Trouble finding talent? Here’s how some businesses are using TikTok for recruiting


When they were seeking an intern in 2021, the Detroit Pistons turned to a unique platform: TikTok.

The NBA franchise was an early adopter of TikTok resumes — a pilot program by the social media company aimed at creating a new channel to connect entry-level applicants with employers.

Experts say small-business owners who are frustrated at their lack of candidates would be wise to give the platform a try in this environment.

They say the dance- and trend-driven social media app popular with Generation Z and others could be a good way for small-business owners to not just build their brand and attract prospective workers. Business owners need all the hiring help they can get, with about 11.3 million job openings in January and a quit rate near all-time highs at about 2.8%, according to the Bureau of Labor Statistics.

So how can small-business owners get started?

Justin Kline, co-founder of influencer marketing firm Markerly, said TikTok is an extremely visual platform, and small-business owners need to embrace that and show off their business.

“Show off what a typical work day might look like. Make it pop. Make it fun. Get your existing employees involved. Let the viewers see them enjoying their jobs. Be sure to mention that you’re looking for new employees, and let them know how they can contact you,” Kline said.
That means identifying trends on TikTok and participating in them, Kline said.

“Nothing says a fun place to work like a business willing to have a good time on TikTok. You’ll likely find a lot of interested perspective employees when you start showing off how fun you can be,” Kline said.
Sean Behr, CEO of San Francisco-based, high-volume hiring technology Fountain, said companies need to think about different segments of workers and what platforms they might be on, including TikTok. He said companies might want to offer referral bonuses to workers who attract new talent through posts on their own personal social media accounts.

More advice from experts include:

  • Tell your company’s story: Make sure potential employees know why you started the business and give them insight into your vision. That makes small-business owners more personable and more human, rather than just another place to work and get a paycheck, Kline said.
  • Use hashtags: #SmallBusiness has 55 billion views on TikTok. Be sure to use hashtags for your city and town to help attract a local audience, Kline said.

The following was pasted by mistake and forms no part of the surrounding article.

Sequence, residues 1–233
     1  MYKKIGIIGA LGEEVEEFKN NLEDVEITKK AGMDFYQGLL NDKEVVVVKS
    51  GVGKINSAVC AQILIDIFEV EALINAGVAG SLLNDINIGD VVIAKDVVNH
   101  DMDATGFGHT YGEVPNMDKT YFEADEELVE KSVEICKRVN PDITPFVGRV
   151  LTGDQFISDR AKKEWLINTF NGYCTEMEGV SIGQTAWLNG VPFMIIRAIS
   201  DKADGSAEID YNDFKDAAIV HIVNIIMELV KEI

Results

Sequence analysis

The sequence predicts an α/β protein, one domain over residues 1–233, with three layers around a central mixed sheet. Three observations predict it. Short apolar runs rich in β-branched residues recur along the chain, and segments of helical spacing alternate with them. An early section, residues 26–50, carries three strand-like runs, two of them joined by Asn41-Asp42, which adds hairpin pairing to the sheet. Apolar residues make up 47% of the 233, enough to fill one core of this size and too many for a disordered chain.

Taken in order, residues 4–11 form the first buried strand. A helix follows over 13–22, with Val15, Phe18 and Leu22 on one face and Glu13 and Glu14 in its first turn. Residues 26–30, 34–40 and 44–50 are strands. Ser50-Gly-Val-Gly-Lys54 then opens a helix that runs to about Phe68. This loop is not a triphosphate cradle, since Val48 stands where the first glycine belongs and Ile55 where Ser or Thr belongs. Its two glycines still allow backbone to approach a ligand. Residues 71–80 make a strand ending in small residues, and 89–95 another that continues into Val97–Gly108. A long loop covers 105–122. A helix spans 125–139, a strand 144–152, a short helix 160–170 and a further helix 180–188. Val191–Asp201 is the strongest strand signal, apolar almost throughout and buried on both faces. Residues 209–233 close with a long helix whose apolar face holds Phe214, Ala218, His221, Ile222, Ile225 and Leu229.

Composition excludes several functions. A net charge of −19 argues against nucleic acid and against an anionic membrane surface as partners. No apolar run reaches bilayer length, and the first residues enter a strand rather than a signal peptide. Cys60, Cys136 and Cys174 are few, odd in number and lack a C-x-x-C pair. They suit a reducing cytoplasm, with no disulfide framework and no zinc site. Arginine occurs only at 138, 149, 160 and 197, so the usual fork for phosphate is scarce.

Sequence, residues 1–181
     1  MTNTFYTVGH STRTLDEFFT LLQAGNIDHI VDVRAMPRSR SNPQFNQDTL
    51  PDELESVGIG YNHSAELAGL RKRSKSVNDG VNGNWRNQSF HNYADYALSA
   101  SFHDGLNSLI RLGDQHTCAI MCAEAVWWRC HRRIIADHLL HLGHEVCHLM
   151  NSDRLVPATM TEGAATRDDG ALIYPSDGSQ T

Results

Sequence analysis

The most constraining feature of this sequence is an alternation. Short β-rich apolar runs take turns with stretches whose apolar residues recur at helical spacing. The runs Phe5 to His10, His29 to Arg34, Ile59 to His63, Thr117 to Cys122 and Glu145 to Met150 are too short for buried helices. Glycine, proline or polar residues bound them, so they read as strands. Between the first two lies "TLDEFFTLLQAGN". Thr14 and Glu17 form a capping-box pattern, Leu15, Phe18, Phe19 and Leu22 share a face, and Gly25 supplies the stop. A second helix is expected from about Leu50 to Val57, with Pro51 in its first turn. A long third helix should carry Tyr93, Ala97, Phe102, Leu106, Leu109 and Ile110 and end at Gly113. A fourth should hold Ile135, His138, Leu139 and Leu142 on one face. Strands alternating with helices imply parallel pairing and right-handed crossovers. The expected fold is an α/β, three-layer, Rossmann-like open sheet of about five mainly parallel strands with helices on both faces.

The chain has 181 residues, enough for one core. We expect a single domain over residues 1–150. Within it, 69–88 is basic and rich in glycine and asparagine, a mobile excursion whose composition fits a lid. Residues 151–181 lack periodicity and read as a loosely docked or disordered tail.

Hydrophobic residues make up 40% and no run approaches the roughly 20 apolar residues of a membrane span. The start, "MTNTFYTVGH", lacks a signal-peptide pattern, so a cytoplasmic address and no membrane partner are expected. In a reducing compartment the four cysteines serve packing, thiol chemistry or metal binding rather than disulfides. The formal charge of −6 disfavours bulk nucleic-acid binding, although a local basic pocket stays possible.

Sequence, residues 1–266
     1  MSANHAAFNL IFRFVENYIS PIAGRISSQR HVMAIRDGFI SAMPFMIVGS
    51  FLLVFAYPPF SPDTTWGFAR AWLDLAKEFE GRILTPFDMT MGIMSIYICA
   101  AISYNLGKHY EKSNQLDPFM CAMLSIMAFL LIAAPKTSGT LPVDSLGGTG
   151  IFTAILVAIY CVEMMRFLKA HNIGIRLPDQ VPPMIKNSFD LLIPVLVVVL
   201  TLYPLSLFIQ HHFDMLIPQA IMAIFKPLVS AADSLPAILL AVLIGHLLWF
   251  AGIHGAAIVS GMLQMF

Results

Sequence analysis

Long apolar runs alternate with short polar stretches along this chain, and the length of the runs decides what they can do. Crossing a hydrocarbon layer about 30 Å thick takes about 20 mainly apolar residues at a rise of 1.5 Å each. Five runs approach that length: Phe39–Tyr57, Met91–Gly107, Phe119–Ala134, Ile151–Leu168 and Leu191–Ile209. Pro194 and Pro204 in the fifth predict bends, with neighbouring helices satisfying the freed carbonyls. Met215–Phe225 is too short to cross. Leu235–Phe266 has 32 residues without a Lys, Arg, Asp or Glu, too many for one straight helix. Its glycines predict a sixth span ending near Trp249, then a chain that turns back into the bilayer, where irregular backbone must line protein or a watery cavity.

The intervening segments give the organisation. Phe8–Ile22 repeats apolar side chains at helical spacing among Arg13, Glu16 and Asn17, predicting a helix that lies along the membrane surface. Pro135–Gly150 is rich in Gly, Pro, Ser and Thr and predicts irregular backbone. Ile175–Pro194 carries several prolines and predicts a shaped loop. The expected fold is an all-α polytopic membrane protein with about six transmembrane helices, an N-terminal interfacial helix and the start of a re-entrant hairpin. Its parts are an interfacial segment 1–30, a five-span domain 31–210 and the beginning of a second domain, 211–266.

• Consider paid advertising: That’s not to suggest giving up on normal, organic posts. But paid ads often have a more consistent and predictable return than the variable nature of traditional posting, Behr said.
  • Get employees involved: “Your employees are your best advocates. Encourage them to help build out your social recruiting strategy by asking them to post on their personal accounts,” Behr said.
  • Don’t be ordinary. Make sure users see your business as unique. Get them excited about your business. “All it takes is the flick of a thumb to scroll past your video, so make those first few seconds count. Show your product or service in action,” Kline said.
  • Actually use TikTok: This might go without saying, but business owners should download the app and live the user experience, said Jason Palmer, CEO and co-founder of talent engagement system Bear Claw. Understand the basics of how the app works and research relevant hashtags while figuring out what content you like and why.

“Small-business owners need to [post] appealing value propositions that appeal to Generation Z. Enticing value propositions geared toward a company’s culture, purpose or role-specific-benefits will gain the attention of potential candidates,” Palmer said in an email.

“TikToks are a great way for a company to make an impression on potential candidates without incurring additional costs.”

Small-business owners might not see much relief soon, as the labor shortage is worsened by long-term demographic shifts that will play out over years. That ongoing labor shortage has meant small-business owners across the country have had to increasingly pony up for workers. About 50% of small-business owners said they raised pay over the last three months, according to separate survey by the National Federation of Independent Business, a 48-year high.

Small businesses are also finding themselves increasingly competing with big companies when it comes to salaries. Tech giant Inc. (Nasdaq: AMZN) made headlines recently when it doubled its base pay cap to $350,000. KPMG US recently rolled out a $160 million pay raise and a host of new or expanded benefits.

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